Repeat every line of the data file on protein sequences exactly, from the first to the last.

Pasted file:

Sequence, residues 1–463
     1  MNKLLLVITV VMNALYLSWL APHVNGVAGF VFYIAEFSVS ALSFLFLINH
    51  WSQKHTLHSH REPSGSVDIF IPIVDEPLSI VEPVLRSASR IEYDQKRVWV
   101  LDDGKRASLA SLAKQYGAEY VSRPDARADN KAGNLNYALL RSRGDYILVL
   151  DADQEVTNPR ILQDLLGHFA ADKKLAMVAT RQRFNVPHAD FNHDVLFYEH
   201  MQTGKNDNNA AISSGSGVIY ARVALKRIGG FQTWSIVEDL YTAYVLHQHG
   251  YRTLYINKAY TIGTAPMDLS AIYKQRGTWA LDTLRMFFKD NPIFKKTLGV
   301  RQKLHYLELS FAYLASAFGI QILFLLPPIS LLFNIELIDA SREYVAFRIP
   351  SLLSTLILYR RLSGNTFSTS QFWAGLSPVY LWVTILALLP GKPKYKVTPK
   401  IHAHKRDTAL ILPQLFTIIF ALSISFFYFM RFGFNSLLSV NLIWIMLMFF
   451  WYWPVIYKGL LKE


Sequence, residues 1–463
     1  MNKLLLVITV VMNALYLSWL APHVNGVAGF VFYIAEFSVS ALSFLFLINH
    51  WSQKHTLHSH REPSGSVDIF IPIVDEPLSI VEPVLRSASR IEYDQKRVWV
   101  LDDGKRASLA SLAKQYGAEY VSRPDARADN KAGNLNYALL RSRGDYILVL
   151  DADQEVTNPR ILQDLLGHFA ADKKLAMVAT RQRFNVPHAD FNHDVLFYEH
   201  MQTGKNDNNA AISSGSGVIY ARVALKRIGG FQTWSIVEDL YTAYVLHQHG
   251  YRTLYINKAY TIGTAPMDLS AIYKQRGTWA LDTLRMFFKD NPIFKKTLGV
   301  RQKLHYLELS FAYLASAFGI QILFLLPPIS LLFNIELIDA SREYVAFRIP
   351  SLLSTLILYR RLSGNTFSTS QFWAGLSPVY LWVTILALLP GKPKYKVTPK
   401  IHAHKRDTAL ILPQLFTIIF ALSISFFYFM RFGFNSLLSV NLIWIMLMFF
   451  WYWPVIYKGL LKE